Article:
[Note that (as CommonsWare points out below) the whole approach in this answer only applies up to and including 2.3.x (Gingerbread). As of Honeycomb Bitmap data is allocated in the VM heap.]
Bitmap data is not allocated in the VM heap. There is a reference to it in the VM heap (which is small), but the actual data is allocated in the Native heap by the underlying Skia graphics library.
Unfortunately, while the definition of BitmapFactory.decode...() says that it returns null if the image data could not be decoded, the Skia implementation (or rather the JNI glue between the Java code and Skia) logs the message you’re seeing ("VM won't let us allocate xxxx bytes") and then throws an OutOfMemory exception with the misleading message "bitmap size exceeds VM budget".
The issue is not in the VM heap but is rather in the Native heap. The Natïve heap is shared between running applications, so the amount of free space depends on what other applications are running and their bitmap usage. But, given that BitmapFactory will not return, you need a way to figure out if the call is going to succeed before you make it.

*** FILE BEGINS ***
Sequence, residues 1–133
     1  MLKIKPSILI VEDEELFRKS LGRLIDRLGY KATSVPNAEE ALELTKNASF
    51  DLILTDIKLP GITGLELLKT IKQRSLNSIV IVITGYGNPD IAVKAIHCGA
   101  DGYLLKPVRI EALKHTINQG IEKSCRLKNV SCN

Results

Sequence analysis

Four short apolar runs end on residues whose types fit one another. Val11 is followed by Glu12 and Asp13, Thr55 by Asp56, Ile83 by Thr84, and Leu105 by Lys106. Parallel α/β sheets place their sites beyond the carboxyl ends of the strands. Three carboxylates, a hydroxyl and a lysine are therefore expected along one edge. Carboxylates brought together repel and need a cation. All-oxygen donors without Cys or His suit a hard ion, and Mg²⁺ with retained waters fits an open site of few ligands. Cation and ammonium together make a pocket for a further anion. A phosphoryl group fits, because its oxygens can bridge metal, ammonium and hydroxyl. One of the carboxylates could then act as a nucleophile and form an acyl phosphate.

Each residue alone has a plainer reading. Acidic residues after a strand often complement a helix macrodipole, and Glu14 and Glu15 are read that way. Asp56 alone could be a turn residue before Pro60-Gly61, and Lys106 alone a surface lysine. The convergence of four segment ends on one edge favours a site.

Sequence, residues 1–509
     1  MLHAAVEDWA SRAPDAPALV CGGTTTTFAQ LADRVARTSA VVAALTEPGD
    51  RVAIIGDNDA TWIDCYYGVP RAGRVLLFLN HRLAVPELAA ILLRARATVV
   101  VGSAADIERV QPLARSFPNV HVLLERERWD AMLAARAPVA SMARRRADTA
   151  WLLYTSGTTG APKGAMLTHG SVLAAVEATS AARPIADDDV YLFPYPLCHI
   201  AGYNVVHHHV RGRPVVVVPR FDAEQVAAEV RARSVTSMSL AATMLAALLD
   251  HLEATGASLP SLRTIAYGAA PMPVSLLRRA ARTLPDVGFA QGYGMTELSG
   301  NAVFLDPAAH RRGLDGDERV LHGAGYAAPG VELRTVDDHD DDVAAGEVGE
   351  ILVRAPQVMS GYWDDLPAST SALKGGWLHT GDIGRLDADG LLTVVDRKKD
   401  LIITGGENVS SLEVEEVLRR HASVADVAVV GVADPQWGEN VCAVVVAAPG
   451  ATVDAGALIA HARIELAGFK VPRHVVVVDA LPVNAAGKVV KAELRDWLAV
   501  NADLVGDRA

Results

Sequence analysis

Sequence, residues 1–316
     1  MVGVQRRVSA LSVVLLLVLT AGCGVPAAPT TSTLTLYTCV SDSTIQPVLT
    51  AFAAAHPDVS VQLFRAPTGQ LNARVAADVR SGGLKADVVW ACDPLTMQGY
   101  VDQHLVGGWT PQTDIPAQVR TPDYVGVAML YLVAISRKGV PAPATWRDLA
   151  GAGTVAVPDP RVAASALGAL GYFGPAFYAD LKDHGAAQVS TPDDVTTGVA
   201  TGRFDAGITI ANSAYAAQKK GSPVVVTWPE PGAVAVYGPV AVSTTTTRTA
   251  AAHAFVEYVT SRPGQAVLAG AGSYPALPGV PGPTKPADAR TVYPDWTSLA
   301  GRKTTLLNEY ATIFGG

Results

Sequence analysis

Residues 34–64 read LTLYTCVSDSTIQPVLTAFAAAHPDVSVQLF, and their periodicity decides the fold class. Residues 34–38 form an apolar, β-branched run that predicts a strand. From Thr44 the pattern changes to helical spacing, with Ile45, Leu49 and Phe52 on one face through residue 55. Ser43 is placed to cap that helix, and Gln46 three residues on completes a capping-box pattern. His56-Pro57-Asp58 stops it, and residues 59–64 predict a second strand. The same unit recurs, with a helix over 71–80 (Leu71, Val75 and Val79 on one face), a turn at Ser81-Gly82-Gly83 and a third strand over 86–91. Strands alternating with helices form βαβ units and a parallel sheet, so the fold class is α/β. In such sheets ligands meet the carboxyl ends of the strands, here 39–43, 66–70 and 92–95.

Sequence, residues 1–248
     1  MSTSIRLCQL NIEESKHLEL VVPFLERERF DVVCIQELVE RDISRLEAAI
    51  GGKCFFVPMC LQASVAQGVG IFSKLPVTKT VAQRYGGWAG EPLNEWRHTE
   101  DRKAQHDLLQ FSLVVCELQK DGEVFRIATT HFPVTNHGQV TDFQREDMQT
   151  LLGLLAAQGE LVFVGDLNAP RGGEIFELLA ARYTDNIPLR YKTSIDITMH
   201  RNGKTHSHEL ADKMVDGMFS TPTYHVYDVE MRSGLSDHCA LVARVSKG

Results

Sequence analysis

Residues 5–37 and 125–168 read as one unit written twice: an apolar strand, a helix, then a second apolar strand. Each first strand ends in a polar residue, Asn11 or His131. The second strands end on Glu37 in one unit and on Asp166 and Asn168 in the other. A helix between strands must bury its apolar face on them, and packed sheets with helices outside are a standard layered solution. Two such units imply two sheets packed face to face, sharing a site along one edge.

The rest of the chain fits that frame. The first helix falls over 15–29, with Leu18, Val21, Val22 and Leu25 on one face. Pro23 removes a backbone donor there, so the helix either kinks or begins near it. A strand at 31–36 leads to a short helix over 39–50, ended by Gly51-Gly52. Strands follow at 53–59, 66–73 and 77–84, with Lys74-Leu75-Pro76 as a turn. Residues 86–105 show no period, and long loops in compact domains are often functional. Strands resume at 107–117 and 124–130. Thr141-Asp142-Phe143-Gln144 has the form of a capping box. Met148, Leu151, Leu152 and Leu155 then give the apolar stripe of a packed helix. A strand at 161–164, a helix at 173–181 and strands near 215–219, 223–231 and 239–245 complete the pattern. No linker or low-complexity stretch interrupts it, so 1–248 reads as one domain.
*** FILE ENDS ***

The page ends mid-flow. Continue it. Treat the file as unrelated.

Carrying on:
There are routines to monitor the size of the Native heap (see the Debug class getNative methods). However, I have found that getNativeHeapFreeSize() and getNativeHeapSize() are not reliable. So in one of my applications that dynamically creates a large number of bitmaps I do the following.
The Native heap size varies by platform. So at startup, we check the maximum allowed VM heap size to determine the maximum allowed Native heap size. [The magic numbers were determined by testing on 2.1 and 2.2, and may be different on other API levels.]
long mMaxVmHeap = Runtime.getRuntime().maxMemory()/1024;
long mMaxNativeHeap = 16*1024;
if (mMaxVmHeap == 16*1024)
mMaxNativeHeap = 16*1024;
else if (mMaxVmHeap == 24*1024)
mMaxNativeHeap = 24*1024;
Log.w(TAG, "Unrecognized VM heap size = " + mMaxVmHeap);
Then each time we need to call BitmapFactory we precede the call by a check of the form.
long sizeReqd = bitmapWidth * bitmapHeight * targetBpp / 8;
long allocNativeHeap = Debug.getNativeHeapAllocatedSize();
if ((sizeReqd + allocNativeHeap + heapPad) >= mMaxNativeHeap)
// Do not call BitmapFactory…
Note that the heapPad is a magic number to allow for the fact that a) the reporting of Native heap size is "soft" and b) we want to leave some space in the Native heap for other applications. We are running with a 3*1024*1024 (ie 3Mbytes) pad currently.